 Should anonymity be allowed on the web?
 Judge orders Google to hand over logs
revealing damaging post on YouTube.
 http://www.pogowasright.org/?p=15968
The book 1984 gets mentioned a lot when
we talk about privacy, but there are other
books that address the issue either directly
or as a side point.
The Puppet Masters
by Robert A. Heinlen
The world is under attack by aliens who
can control human minds by attaching
themselves to any part of the body. In
order to counteract this, the government
forces everybody to go essentially naked.
 This seems silly until you look at the
controversy over new "lower-powered"
airport x-ray machines that have just
enough juice to see through clothing to
look for weapons. Apparently the
government, both in this book and in
reality, find security more important than
decency and privacy.

The Light of Other Days
by Arthur C. Clarke.
 Technology is developed that allows people to see anywhere and,
eventually, anytime in the past as well, all from their own home. At
first, the knowledge that anybody could be looking at a person at
any time really freaked people out.
 In a world of glass houses, every act is a public act and the idea
that people could be watching at any time drove some to paranoia.
But it also helped "clean up" the world, since people could be
watching your shady business deal, your affair, or your illegal
downloading.

It also addresses the ideas of "what is truth in history," since every
person would remember an event a slightly different way. When
the ability to see into the past and see the real truth, it was a
complete revolution compared to the socially constructed and
partially remembered history we have today.
What is privacy if not some simple
right or complex of rights?
 Reiman: Privacy is….


a social ritual or arrangement
necessary to the creation of selves -- require
thoughts, body, actions to be our own.
Imagine societies in which
 you and I can keep nothing secret, but others
can.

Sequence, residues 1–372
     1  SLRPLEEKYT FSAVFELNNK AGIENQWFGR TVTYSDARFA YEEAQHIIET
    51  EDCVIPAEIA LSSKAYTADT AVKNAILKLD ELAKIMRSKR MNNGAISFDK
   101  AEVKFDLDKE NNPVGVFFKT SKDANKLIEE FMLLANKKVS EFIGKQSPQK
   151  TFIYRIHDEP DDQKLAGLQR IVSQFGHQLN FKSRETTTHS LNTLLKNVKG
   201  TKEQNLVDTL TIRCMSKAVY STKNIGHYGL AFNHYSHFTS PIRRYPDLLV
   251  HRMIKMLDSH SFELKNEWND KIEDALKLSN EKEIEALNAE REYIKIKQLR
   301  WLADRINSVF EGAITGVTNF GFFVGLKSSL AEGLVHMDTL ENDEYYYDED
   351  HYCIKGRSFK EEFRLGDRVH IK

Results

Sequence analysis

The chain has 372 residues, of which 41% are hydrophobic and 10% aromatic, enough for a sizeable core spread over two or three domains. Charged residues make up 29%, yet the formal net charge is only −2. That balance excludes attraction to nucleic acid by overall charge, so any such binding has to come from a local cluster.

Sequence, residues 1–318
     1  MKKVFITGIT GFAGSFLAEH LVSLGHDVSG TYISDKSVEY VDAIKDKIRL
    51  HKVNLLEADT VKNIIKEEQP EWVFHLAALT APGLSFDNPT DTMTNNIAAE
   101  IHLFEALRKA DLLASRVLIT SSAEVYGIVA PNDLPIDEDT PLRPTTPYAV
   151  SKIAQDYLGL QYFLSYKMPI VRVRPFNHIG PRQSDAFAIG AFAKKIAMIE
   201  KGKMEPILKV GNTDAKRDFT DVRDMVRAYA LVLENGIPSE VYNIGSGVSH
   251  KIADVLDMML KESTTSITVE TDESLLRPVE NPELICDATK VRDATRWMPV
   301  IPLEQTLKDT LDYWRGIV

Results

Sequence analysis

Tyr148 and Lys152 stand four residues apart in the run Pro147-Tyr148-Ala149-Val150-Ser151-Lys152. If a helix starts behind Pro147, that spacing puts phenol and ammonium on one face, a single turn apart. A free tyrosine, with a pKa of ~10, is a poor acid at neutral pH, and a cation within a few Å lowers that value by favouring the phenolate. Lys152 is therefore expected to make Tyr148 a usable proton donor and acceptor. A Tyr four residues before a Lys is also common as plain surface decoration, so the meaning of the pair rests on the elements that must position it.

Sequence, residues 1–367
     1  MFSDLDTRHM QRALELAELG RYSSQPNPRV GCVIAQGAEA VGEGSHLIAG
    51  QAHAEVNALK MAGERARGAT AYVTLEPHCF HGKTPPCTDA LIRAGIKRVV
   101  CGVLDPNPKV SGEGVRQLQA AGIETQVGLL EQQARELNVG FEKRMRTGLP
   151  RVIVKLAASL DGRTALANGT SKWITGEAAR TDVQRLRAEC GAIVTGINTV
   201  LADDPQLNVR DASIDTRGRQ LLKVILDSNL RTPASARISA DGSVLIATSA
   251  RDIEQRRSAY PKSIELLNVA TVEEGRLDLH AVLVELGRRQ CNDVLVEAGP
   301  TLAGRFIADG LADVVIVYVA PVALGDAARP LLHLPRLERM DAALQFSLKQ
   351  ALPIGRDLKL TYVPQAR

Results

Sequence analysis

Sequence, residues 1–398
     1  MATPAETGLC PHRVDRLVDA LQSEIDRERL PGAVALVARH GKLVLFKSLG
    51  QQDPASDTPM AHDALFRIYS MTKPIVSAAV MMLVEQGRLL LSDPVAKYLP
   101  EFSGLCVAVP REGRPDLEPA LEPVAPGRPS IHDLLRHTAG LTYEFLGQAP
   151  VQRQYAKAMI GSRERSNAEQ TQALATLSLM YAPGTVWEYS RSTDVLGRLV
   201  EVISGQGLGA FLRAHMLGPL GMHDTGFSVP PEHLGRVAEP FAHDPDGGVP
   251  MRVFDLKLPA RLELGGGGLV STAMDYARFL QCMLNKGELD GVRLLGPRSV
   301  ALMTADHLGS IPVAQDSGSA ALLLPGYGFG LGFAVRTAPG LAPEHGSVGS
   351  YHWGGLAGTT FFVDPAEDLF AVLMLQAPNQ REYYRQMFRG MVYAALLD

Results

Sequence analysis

 you and I can pierce all secrets and everyone
else is transparent.
 no one can keep secrets.
 everyone can keep secrets at will.
Surprise birthday party?
requires
 someone knowing that it is my birthday
 sharing that information / planning with others
 keeping the planning hidden from me
 secrecy (that would be missing)
in order to have the institution of
birthday parties…to be meaningful
 knowledge of my date of birth has to be
something that I share with some but not
everyone.
 I regulate "closeness" with others, in part, by
sharing different sorts of information



about myself
major and minor
what I did over the weekend
Privacy is the complex social ritual
 by which others recognize our selves as our
own
 achieved in part by granting control


over ourselves, our body, our mind
AND over extensions of our selves



my diary
a computer file
information about me in a database
Also in order to have a birthday party,
someone has to care about my birthday,
 expect others to care, expect that I would be touched
by whatever expression of affection is shown through
the giving of a surprise birthday party.
 Those different forms of caring are necessary for
giving meaningful surprise birthday parties.
 those different forms of care are only possible within
an institution of respect for privacy
 Institutions of privacy make possible expressions of
care such as surprise birthday parties or greetings,
as well as the keeping of secrets.
Privacy Quiz
http://www.cdt.org/privacy/quiz/
Network Affect
 e.g. John Gilmore's Free S/WAN project.
 The idea is to deploy PC-based boxes that
encrypt your Internet packets (and decrypts
other such users’ packets)
 As each person installs one for their own use,
it becomes more valuable for their
neighbors to install one too, because
there's one more person to use it with.
Because of network effects it is likely that
you play a role in establishing standards
 even if you do not design technological
devices, advocate for public policies
regarding technology, or participate in the
deliberations of bodies that adopt formal
standards.
 If you are motivated by care, then the role you
play in establishing standards should be a
consideration in your choices whether to
adopt a technology.
What if everyone believed that law-abiding
citizens should use postcards for their mail?
 If some brave soul tried to assert his privacy
by using an envelope for his mail, it would
draw suspicion.
 Fortunately, everyone protects most of their
mail with an envelope. “Safety in numbers.”
 Analogously, it would be nice if everyone
routinely used encryption for all their e-mail,
innocent or not, so that no one drew
suspicion by asserting their e-mail privacy
with encryption.
 Think of it as a form of solidarity.
social aspects of technological choices
 means seeing that in some of my choices I
am acting not just for myself but "for all
humankind"
 not in the manner of the philosophers'
categorical imperative, but in the manner of
the economists' network effects
 When we make these choices, we stand in for
others, effectively making choices for them